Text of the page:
Test driven development

The goal for the BGP implementation is to have testing at:

Unit testing drives code organization. Classes should be designed such that their interface provides a service which can be tested as a unit. The best way to acomplish this is to follow the TDD principle of writing the test of the interface before the implementation.

The bgp implementation is instantiated via a single local BgpServer object in main(). From the server object there is a tree of all the other objects that componse the implementation. This allows the test code to run multiple BGP servers within the same process. Along with dependency injection, it also allows the test code to replace any class or set of classes when performing module or process level testing.

Dependency injection is acomplished via a factory mechanism. The bgp factory configuration defines the default implementations for each interface. Test code can override the defaults by overriding the registration as with the following example:

    BgpObjectFactory::Register<BgpSessionManager>(boost::factory<BgpSessionManagerMock *>());

Unit tests are executed using the Google C++ Testing Framework . Mock objects are built either manually when trivial or by using the corresponding Mocking Framework. The BGP test suite can be executed via the build target src/bgp:test. Code coverage can be generated by passing the flag --optimization=coverage to the build tool (scons).

Input processing

BGP protocol messages are decoded and validated before being placed in the routing table operations queue. We use a mini-DSL, implemented as C++ templates, in order to decode and encode BGP messages.

This DSL is generic and can be used to implement encoding and decoding for different TLV-style protocols.

The BGP grammar is declared in Each node in the grammar declares either a "Sequence" of elements to parse or a "Choice" between multiple elements.

Simple elements store and retrieve the message data to/from an in-memory datastructure that is then used internally. For example, the following grammar node stores the autonomous-system parameter in an OPEN message in the "as_num" field of an object of type "BgpProto::OpenMessage":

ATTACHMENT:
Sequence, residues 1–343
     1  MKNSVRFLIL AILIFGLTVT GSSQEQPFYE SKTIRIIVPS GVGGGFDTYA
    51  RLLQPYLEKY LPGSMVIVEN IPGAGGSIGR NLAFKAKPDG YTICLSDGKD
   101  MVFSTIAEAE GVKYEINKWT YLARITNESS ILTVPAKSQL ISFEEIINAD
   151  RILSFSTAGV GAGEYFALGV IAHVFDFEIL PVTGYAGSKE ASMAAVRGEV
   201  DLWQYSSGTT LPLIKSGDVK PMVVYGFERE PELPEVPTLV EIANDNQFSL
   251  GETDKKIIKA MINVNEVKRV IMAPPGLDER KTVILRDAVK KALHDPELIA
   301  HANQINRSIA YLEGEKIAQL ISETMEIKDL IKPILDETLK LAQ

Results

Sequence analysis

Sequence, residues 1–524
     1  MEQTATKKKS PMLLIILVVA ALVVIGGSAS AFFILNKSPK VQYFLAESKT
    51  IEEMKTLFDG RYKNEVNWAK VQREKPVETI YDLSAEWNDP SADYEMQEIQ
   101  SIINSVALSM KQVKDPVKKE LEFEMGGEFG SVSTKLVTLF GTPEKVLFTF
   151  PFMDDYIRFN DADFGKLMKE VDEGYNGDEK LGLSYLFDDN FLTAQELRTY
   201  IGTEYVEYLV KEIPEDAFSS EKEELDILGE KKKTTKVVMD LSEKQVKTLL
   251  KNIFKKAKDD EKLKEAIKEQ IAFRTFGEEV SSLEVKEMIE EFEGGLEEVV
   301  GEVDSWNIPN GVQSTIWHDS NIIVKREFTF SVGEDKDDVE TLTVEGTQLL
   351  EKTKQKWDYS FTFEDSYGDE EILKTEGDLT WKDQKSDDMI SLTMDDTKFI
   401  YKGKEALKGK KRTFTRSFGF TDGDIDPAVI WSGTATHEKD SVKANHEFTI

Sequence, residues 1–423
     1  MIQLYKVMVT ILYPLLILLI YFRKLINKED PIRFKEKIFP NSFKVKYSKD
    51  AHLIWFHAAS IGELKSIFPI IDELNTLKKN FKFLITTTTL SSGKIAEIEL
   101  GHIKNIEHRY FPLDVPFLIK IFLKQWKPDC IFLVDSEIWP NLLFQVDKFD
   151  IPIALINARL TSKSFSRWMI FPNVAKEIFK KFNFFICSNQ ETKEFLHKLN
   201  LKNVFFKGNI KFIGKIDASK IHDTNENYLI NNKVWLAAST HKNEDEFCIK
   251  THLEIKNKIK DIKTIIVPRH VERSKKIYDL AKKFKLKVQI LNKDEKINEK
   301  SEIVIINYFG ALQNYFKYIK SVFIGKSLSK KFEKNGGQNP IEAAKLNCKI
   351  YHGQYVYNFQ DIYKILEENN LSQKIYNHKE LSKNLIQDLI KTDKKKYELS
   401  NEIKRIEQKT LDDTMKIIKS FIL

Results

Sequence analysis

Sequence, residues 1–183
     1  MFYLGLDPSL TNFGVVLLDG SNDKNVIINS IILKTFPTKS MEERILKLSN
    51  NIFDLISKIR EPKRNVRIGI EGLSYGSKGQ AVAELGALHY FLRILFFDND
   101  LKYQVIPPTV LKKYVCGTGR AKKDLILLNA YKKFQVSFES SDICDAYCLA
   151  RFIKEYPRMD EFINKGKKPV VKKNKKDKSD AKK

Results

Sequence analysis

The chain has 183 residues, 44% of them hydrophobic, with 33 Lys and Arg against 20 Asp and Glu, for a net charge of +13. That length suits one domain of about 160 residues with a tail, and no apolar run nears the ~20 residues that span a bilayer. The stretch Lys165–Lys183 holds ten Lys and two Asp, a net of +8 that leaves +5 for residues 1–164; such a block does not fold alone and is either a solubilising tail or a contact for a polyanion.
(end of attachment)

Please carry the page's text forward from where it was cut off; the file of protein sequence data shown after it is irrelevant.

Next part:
class BgpOpenAsNum : public ProtoElement<BgpOpenAsNum> {
    static const int kSize = 2;
    typedef Accessor<BgpProto::OpenMessage, uint32_t, &BgpProto::OpenMessage::as_num> Setter;

Complex elements (Sequences and Choices) can then include simple elements. The example element above is used in the open message definition with the following:

class BgpOpenMessage : public ProtoSequence<BgpOpenMessage> {
    typedef mpl::list<BgpOpenVersion,
                      BgpOpenOptParam> Sequence;
    typedef BgpProto::OpenMessage ContextType;

The objective behind this approach is to eliminate trivial mistakes such as reading beyond the message boundary. When TLV decoding is manually generated it is necessary to add simple validation checks through the parsing code for every single component. With an automated approach it is possible to ensure consistency.

An important requirement for the DSL is to allow the programmer to define the in-memory datastructure used to then store the resulting data. The concern is that the DSL should not force the programmer to then copy the data manually between a data structure that is defined by a library or code generator and a data structure that is convinient for the code that then processes the message.

Routing table operations

Routing tables are in-memory datastructures that organized such that one module of code can manage the contents by performing add/change/delete operations and multiple modules can be "listeners" to table events. This is often referred to as the "observer pattern". Routing protocol implementation commonly use this approach; it is used by GateD and its derivatives for instance. Contrail implements this pattern via the db library which is used by several different modules like, for instance, the configuration management code in both the control-node and compute-node agent.